A survey conducted in 1982 measured perceived threats of shame, embarrassment, and legal sanctions for "physically hurting someone on purpose" among a sample of adults in a southwestern city (N = 350). Sampling from the same community and using an identical methodology, the measures
were repeated in a 1992 survey (N = 396). The growing social condemnation of interpersonal violence, especially intimate violence, during the decade and the increasingly punitive response to it by the legal system lead to the hypothesis that perceived threats of shame, embarrassment,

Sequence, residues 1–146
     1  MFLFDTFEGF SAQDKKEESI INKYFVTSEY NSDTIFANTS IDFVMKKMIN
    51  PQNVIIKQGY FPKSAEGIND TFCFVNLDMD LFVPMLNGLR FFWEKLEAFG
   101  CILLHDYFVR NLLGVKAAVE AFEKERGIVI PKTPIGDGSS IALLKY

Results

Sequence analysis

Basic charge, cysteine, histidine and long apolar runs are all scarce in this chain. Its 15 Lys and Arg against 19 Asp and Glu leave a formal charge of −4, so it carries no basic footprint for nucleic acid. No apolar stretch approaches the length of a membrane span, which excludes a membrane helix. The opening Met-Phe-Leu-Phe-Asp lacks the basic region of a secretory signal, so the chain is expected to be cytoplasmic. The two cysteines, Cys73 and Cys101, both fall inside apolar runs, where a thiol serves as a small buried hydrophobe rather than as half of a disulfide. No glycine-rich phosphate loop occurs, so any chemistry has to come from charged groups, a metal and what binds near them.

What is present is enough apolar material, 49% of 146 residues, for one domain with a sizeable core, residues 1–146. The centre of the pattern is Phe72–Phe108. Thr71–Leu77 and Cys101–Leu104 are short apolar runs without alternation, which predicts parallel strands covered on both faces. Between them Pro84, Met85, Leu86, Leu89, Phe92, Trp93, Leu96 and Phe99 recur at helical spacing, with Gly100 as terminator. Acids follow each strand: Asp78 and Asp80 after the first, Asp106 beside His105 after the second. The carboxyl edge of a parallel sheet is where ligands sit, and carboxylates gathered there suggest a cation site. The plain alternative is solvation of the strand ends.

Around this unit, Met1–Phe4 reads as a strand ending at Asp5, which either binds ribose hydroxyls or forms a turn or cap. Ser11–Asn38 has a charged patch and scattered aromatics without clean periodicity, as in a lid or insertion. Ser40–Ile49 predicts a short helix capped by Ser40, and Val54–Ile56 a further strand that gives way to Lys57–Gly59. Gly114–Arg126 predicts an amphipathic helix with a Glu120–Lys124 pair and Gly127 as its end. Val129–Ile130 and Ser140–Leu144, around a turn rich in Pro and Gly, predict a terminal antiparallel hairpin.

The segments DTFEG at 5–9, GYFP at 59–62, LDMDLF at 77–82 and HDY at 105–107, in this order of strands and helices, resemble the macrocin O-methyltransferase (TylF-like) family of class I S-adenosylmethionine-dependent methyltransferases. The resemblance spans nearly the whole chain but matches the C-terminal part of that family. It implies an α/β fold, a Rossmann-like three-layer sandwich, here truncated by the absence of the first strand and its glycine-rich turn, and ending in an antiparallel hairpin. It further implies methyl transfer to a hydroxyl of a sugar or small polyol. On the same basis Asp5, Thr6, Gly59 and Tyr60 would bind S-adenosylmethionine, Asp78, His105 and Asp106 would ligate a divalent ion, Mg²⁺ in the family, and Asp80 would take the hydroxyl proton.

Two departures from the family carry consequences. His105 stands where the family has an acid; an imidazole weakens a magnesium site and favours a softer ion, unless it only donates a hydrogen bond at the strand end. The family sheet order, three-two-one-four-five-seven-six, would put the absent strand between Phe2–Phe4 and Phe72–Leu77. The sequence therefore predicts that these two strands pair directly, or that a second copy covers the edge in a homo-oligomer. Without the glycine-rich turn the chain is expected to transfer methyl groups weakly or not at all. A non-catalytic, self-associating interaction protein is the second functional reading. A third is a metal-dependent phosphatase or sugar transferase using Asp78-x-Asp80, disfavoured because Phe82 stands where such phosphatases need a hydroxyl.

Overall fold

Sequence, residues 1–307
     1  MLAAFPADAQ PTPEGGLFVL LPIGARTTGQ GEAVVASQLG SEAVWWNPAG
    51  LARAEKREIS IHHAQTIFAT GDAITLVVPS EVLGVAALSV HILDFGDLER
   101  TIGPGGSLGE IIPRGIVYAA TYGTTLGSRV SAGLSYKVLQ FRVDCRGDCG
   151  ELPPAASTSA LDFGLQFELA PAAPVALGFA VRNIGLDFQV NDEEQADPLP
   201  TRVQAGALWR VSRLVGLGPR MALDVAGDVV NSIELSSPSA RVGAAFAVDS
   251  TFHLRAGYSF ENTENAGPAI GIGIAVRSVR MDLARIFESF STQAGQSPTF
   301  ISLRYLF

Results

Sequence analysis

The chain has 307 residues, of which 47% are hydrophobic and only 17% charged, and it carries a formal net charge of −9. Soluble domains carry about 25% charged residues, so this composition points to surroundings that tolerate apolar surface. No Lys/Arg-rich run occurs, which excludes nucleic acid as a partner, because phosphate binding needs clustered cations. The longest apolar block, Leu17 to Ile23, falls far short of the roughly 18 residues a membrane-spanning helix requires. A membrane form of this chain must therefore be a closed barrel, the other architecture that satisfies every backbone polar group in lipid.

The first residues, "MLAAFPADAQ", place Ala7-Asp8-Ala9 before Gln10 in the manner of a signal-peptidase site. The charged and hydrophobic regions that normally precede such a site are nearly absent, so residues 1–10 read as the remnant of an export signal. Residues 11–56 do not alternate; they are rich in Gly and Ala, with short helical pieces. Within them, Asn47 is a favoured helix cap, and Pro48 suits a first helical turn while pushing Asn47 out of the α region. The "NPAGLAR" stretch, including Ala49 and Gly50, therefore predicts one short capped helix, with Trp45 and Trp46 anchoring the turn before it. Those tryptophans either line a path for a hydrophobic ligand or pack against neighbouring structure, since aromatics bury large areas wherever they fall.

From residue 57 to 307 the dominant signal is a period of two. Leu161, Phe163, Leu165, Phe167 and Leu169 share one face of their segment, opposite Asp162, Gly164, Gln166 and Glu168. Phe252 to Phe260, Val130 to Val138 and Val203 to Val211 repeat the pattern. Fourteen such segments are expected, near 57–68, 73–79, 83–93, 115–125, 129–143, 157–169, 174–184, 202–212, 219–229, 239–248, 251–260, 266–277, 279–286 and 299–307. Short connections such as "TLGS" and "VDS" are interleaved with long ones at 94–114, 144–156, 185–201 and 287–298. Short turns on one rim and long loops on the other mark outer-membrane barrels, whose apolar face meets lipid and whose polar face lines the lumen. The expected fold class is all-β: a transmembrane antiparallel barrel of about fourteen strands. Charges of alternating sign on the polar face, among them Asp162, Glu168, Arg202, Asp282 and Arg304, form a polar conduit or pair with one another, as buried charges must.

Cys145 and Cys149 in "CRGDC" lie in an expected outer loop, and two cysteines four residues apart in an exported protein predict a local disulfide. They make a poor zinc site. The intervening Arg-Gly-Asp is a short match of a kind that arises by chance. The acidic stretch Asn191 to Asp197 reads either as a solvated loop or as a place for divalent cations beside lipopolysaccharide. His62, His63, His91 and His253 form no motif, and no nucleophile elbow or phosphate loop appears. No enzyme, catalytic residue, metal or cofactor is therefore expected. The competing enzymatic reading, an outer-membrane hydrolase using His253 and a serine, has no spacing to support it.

and legal sanctions for this behavior were higher in 1992 than they were in 1982. Results indicate increases for embarrassment and legal sanctions among some segments of the population and are discussed in the context of previous findings concerning shame, embarrassment, and legal sanctions
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Document Type: Journal Article
Department of Sociology, University of Oklahoma, Center for the Study of Crime, Delinquency, and Social Control
Department of Sociology University of Oklahoma Center for the Study of Crime, Delinquency, and Social Control
Publication date: January 1, 1993
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